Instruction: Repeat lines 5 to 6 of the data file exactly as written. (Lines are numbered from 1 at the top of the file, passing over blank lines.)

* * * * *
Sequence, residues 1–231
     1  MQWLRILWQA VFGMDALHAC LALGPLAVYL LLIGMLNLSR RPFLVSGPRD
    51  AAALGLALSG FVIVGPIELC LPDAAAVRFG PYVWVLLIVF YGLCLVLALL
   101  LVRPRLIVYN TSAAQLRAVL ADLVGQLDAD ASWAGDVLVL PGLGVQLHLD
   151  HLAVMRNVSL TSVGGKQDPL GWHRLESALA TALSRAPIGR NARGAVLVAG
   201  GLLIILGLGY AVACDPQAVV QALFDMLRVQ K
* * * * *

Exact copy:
   151  HLAVMRNVSL TSVGGKQDPL GWHRLESALA TALSRAPIGR NARGAVLVAG
   201  GLLIILGLGY AVACDPQAVV QALFDMLRVQ K